Disney World will begin to reopen in July.
Walt Disney World in Florida, one of the world’s largest tourist sites which draws 93 million people a year, will reopen to the public on a limited basis in mid-July.
Disney presented its reopening plan on Wednesday to the Orange County Recovery Task Force in Orlando. Two of Disney World’s four main theme parks, the Magic Kingdom and the Animal Kingdom, will reopen on July 11 with reduced capacity and numerous safety precautions, including mandatory face masks for all visitors and employees. Disney World’s remaining major parks, Epcot and Hollywood Studios, will reopen on July 15. The resort has been closed since March 15.
Disney said its “thoughtful, methodical and phased” approach to reopening would include increased use of plexiglass barriers and contactless payment systems. All visitors will need a reservation. Temperature checks will be conducted at entrances. Disney also said its parades, fireworks displays and character meet and greets would be suspended because of crowd control concerns.
Disney did not give reopening dates for its two water parks, Blizzard Beach and Typhoon Lagoon. Disney Springs, an adjacent 120-acre shopping mall, began to reopen on May 20.
Tourism is Orlando’s largest industry, supporting 41 percent of the city’s work force, according to the trade organization Visit Orlando. Disney World attracts the bulk of those visitors.
Boeing will lay off 6,700 workers, part of a plan to cut 10 percent of its work force.
Boeing said Wednesday that it was taking a significant step toward its goal of slashing 10 percent of its global work force by laying off more than 6,700 employees in the United States, all of whom will be notified this week. Another 5,500 workers have been approved for voluntary buyouts and will leave within weeks.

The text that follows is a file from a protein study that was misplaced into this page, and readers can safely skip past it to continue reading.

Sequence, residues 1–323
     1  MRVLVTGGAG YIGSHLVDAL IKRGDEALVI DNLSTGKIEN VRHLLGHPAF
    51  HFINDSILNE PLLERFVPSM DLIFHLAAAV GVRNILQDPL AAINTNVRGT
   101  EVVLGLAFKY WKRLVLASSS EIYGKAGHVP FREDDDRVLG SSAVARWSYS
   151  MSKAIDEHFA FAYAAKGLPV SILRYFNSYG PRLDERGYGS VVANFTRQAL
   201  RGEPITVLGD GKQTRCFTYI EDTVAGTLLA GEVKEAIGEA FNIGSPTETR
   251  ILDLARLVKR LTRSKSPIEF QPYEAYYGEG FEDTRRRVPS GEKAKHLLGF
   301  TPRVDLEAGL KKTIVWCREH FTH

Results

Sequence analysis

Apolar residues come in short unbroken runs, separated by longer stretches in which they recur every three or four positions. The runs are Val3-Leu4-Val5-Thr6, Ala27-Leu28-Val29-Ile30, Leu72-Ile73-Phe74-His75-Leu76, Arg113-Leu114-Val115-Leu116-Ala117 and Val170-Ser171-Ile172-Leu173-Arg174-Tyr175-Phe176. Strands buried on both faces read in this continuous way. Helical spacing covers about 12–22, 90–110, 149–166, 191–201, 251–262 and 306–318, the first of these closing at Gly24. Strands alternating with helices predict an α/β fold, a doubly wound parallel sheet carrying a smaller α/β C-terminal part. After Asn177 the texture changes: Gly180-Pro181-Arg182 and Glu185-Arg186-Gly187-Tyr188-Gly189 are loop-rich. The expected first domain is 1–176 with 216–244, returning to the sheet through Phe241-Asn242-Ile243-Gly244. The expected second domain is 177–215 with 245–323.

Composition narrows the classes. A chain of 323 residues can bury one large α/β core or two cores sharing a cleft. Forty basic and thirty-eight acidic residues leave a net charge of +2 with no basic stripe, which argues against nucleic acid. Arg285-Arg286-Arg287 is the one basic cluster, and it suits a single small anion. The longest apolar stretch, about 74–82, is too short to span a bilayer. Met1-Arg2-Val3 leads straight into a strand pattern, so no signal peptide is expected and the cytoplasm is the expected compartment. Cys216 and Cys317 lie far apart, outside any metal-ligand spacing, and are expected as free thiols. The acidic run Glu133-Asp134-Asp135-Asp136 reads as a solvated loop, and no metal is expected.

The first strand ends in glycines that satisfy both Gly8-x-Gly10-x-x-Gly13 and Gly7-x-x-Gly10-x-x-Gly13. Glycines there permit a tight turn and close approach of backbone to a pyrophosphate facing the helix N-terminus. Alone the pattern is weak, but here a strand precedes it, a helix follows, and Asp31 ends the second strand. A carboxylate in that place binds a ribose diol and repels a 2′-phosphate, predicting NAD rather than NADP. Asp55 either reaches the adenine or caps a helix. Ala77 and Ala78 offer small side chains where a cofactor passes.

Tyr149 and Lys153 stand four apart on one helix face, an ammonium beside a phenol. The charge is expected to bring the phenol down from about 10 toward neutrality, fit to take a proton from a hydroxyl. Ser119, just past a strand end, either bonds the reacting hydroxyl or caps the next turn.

Boeing’s commercial business, which was most exposed to the devastating decline in air travel, will suffer the deepest cuts, the company said. Its defense and space operations have been more insulated.
“The Covid-19 pandemic’s devastating impact on the airline industry means a deep cut in the number of commercial jets and services our customers will need over the next few years, which in turn means fewer jobs on our lines and in our offices,” the chief executive, David L. Calhoun, said in a note to employees. “I wish there were some other way.”
Boeing will have to cut nearly 4,000 more workers in order to meet its overall goal of shedding 16,000 jobs. The remaining layoffs will be announced in batches over the next few months, the company said.
A lot is riding on the launch. NASA thinks the future of space — at least for low Earth orbit, for now — is chartered flights on private spacecraft. If successful, the launch could open up a range of economic activity and experimentation, with commercial operators stepping in while governments step back.